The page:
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Optimal design for dynamical modeling of pest populations

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  • We apply SE-optimal design methodology to investigate optimal data collection procedures as a first step in investigating information content in ecoinformatics data sets. To illustrate ideas we use a simple phenomenological citrus red mite population model for pest dynamics. First the optimal sampling distributions for a varying number of data points are determined. We then analyze these optimal distributions by comparing the standard errors of parameter estimates corresponding to each distribution. This allows us to investigate how many data are required to have confidence in model parameter estimates in order to employ dynamical modeling to infer population dynamics. Our results suggest that a field researcher should collect at least 12 data points at the optimal times. Data collected according to this procedure along with dynamical modeling will allow us to estimate population dynamics from presence/absence-based data sets through the development of a scaling relationship. These Likert-type data sets are commonly collected by agricultural pest management consultants and are increasingly being used in ecoinformatics studies. By applying mathematical modeling with the relationship scale from the new data, we can then explore important integrated pest management questions using past and future presence/absence data sets.

    Mathematics Subject Classification: 34L30, 90C30, 34A55, 65L09.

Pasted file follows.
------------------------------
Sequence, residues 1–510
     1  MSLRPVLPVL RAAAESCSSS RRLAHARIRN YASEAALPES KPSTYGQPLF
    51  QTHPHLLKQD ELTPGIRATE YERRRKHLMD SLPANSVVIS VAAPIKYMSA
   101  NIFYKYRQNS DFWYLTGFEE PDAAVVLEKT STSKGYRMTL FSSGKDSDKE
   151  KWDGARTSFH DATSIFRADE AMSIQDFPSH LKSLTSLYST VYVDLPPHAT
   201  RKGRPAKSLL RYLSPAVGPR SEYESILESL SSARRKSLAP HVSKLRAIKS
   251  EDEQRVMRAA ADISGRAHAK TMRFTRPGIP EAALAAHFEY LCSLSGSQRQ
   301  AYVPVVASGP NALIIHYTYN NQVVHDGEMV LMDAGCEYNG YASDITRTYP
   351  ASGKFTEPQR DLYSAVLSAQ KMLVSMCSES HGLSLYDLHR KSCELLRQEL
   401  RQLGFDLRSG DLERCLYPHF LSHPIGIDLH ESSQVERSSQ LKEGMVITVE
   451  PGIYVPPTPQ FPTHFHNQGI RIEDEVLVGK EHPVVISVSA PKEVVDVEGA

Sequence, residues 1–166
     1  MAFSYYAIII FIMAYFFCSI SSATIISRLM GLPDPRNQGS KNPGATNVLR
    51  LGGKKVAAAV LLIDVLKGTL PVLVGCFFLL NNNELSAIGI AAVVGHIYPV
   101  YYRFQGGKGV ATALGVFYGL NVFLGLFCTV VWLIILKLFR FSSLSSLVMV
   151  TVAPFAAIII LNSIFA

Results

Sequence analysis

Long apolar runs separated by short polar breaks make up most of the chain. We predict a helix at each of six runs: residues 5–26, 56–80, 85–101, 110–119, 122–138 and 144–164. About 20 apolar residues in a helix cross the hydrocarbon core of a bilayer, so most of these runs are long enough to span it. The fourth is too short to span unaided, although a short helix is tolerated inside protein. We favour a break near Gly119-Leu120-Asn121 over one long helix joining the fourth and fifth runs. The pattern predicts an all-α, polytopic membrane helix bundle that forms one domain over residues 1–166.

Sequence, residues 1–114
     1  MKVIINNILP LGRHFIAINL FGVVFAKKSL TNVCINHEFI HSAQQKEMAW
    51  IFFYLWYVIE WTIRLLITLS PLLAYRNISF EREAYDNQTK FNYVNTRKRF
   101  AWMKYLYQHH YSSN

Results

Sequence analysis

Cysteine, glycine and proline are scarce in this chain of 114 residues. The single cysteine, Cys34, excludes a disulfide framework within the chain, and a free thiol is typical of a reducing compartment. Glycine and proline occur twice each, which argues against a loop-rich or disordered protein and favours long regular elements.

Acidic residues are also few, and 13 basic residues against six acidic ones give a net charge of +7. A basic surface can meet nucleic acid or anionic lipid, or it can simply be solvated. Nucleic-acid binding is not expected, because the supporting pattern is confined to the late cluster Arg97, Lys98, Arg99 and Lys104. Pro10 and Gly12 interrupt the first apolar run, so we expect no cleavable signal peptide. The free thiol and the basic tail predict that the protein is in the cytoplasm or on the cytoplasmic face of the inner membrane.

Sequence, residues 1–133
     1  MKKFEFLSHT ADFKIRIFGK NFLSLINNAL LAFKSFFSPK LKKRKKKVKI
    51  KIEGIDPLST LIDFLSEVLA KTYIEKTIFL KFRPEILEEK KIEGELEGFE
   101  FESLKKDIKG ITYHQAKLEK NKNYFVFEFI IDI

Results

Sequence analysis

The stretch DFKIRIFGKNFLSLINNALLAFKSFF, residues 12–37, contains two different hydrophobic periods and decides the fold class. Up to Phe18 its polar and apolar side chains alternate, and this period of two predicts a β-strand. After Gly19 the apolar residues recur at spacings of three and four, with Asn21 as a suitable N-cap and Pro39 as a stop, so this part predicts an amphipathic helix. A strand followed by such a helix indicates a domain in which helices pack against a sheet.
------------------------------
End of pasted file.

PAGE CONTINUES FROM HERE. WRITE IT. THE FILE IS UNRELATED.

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  • Figure 1.  Traditional sensitivities for model parameters

    Figure 2.  Optimized meshes resulting from SE-optimal implementation

    Figure 3.  Relationship between sampling distribution and corresponding performance (cost)

    Figure 4.  Average standard errors (over 1000 MC trials) for each parameter, comparing optimized versus uniform grids for N = 6, 12, 18, 24, and 30

    Figure 5.  Confidence intervals for each parameter for N = 6, 12, 18, 24, and 30 on the optimized grids

    Figure 6.  Heaviside functions and Dirac delta "functions"

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      H. T. Banks , K. Bekele-Maxwell , L. Bociu , M. Noorman  and  K. Tillman , The complex-step method for sensitivity analysis of non-smooth problems arising in biology, Eurasian Journal of Mathematical and Computer Applications, 3 (2015) , 15-68. 
      H. T. Banks, A. Cintron-Arias and F. Kappel, Parameter selection methods in inverse problem formulation, CRSC-TR10-03, N. C. State University, February, 2010, Revised, November, 2010; in Mathematical Modeling and Validation in Physiology: Application to the Cardiovascular and Respiratory Systems, (J. J. Batzel, M. Bachar, and F. Kappel, eds.), 43-73, Lecture Notes in Mathematics, 2064, Springer-Verlag, Berlin 2013.
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      H. T. Banks and M. L. Joyner, Information Content in Data Sets: A Review of Methods for Interrogation and Model Comparison, CRSC-TR17-14, N. C. State University, Raleigh, NC, June, 2017. doi: 10.1515/jiip-2017-0096.
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